I’ve been lucky enough recently to join The Stella Prize to help them set up their school’s program. I’m so excited to be working with the amazing women who initiated this prize to address the gender bias in Australian literary prizes.
I’ve had quite a few people ask me about the prize since I started working on this project, so I decided that it would be worth putting up a bit of info here. Kerryn Goldsworthy beautifully summed up the prize when she discussed her role as a judge in this year’s award.
The Stella Prize was born in a spirit of protest and resistance. It took shape early in 2011, when a literary event in Melbourne to mark International Women’s Day featured a panel discussion about the under-representation of women in literary pages and magazines, as well as in the shortlists and winners of literary prizes. The women involved in this event decided that it was time to do something. In 2009, five of Australia’s leading women writers—Debra Adelaide, Amanda Lohrey, Joan London, Kate Grenville and Helen Garner—had published excellent novels that were eligible for the Miles Franklin Literary Award, Australia’s most sought- after literary prize and one of its richest. None of them even made the longlist, and the shortlist consisted exclusively of novels by men. And unbeknown to the women on the discussion panel that day, the 2011 Miles Franklin shortlist that would be announced a month or so later would again be an all-male lineup.
The Stella Prize is not the first Australian Literary Prize for women, but it is the only one to have been established by women pushing for change rather than as a result of a bequest. Miles Franklin was the pen-name of Stella Maria Sarah Miles Franklin—feminist, nationalist and author of the Australian classic My Brilliant Career. Like many of her female contemporaries, she knew that using a male pseudonym would give her writing a better chance of being published and read. Naming the award the Stella Prize was a way of honouring Franklin and of restoring her given name; that “Stella” means “star” was icing on the cake.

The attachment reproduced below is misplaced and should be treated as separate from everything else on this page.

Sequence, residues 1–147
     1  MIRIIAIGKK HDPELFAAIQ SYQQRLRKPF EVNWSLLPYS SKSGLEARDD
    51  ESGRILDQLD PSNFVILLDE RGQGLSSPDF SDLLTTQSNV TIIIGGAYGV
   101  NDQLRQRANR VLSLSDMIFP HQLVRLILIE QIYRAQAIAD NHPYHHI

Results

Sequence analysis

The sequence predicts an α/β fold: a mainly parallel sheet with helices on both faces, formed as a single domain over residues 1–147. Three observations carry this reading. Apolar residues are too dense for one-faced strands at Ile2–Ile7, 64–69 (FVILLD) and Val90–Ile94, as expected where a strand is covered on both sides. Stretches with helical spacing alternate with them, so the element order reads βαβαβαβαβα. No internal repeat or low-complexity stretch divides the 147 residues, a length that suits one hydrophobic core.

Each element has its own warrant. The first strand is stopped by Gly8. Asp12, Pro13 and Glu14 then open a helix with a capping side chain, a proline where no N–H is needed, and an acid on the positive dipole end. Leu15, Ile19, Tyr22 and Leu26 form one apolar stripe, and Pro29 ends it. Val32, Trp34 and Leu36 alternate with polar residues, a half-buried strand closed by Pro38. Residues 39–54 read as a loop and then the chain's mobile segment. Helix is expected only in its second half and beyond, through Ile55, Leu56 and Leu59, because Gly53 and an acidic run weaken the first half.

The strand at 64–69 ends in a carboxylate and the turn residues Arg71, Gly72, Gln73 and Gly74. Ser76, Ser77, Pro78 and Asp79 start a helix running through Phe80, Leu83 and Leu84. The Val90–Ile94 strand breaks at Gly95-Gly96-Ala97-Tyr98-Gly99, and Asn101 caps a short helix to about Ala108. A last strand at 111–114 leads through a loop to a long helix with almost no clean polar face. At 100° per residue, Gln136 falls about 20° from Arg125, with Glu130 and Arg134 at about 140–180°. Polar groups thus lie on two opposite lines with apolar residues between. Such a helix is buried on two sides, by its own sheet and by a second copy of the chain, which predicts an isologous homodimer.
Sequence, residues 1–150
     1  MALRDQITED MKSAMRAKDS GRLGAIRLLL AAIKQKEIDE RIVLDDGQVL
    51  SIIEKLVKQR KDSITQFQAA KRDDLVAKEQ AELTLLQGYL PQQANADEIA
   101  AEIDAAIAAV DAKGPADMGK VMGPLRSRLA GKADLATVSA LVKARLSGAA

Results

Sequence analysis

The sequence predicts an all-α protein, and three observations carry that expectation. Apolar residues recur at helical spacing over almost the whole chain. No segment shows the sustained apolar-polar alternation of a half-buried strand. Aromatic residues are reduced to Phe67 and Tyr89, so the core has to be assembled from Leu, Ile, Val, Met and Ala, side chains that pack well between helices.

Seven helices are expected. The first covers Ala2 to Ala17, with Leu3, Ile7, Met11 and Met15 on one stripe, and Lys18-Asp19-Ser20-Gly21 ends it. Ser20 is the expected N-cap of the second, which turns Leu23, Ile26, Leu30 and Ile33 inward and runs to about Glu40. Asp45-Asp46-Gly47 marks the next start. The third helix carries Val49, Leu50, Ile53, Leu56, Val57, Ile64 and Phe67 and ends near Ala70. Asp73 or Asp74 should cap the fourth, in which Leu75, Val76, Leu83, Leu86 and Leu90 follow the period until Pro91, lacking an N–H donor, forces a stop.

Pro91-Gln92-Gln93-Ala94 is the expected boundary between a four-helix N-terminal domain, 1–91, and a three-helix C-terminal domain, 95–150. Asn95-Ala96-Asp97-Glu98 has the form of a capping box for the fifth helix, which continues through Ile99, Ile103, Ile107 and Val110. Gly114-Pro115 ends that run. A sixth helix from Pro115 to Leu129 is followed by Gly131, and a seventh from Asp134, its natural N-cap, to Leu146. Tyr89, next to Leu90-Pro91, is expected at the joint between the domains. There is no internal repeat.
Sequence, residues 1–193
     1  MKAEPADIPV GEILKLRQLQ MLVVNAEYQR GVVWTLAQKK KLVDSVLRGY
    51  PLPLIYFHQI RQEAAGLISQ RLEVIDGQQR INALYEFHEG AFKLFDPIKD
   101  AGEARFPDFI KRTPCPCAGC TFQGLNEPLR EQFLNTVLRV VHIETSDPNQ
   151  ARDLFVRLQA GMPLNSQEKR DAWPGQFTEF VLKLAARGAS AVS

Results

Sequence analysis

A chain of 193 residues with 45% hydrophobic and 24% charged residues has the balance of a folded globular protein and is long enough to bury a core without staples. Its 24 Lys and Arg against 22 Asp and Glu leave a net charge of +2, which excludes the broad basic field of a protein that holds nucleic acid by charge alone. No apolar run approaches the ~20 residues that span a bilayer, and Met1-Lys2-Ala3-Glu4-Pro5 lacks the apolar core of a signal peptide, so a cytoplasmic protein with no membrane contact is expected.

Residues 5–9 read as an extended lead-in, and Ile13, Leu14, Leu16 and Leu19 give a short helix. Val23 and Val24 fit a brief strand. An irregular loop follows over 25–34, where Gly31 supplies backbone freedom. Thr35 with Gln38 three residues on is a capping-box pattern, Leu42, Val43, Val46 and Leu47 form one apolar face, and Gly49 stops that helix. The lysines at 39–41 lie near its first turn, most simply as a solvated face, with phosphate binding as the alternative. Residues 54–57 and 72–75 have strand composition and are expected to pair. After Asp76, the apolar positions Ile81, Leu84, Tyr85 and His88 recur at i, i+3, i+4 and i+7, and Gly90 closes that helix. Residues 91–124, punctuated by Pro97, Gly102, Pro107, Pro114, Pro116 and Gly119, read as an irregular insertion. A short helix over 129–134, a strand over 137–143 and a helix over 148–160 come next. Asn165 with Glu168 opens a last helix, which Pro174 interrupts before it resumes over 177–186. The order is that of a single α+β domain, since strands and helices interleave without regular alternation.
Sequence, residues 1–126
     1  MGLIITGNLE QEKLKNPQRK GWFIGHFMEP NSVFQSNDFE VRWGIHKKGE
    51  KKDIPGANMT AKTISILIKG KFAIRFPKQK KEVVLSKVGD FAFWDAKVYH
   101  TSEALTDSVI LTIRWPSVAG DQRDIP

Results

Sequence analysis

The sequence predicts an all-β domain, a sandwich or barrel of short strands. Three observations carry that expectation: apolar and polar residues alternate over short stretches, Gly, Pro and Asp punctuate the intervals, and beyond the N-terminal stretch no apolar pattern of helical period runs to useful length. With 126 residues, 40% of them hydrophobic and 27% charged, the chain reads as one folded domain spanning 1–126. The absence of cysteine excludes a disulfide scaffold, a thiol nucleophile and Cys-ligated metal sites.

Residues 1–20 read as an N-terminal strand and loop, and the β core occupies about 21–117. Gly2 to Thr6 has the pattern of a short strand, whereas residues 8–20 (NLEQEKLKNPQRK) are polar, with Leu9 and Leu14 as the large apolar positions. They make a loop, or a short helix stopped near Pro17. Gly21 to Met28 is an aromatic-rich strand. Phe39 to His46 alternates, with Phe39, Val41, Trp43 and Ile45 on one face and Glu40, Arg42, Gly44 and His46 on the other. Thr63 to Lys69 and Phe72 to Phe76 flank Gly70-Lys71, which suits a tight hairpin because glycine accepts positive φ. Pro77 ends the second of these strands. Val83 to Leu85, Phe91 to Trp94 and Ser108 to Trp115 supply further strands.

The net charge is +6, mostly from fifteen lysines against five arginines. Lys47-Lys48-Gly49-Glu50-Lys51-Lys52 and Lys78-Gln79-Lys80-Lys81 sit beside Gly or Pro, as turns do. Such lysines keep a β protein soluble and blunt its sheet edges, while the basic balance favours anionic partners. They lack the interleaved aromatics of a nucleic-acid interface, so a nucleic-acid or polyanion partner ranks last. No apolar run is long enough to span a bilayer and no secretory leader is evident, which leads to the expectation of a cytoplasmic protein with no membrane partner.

The UK’s well-established and prestigious Orange Prize—now the Baileys Women’s Prize for Fiction— provided a model, and with the help of donors and sponsors and some broad support from the literary community, the prize was first awarded in 2013 to Carrie Tiffany for her novel Mateship with Birds….(read the full article here)
I’m hoping at some stage to post some reviews up here of the books that I’ve read for this project. I’m only sad that I didn’t get to them earlier, despite having heard wonderful things from the beginning. It has been an amazing list of books to be working through – I don’t envy the judges what must have been a hard decision indeed. I’ve linked to the long lists and shortlists from the 2013 and 2014 prizes below. If you’re looking for something to read, I urge you to sink your teeth into a few of these. Covering a huge range of themes and writing styles, spanning both fiction and non-fiction, these books have excellent storytelling in common and are an impressive representation of Australian talent. And if you read any, come back tell me what you think. Or better yet, head over to the Australian Women’s Writing challenge and write a review!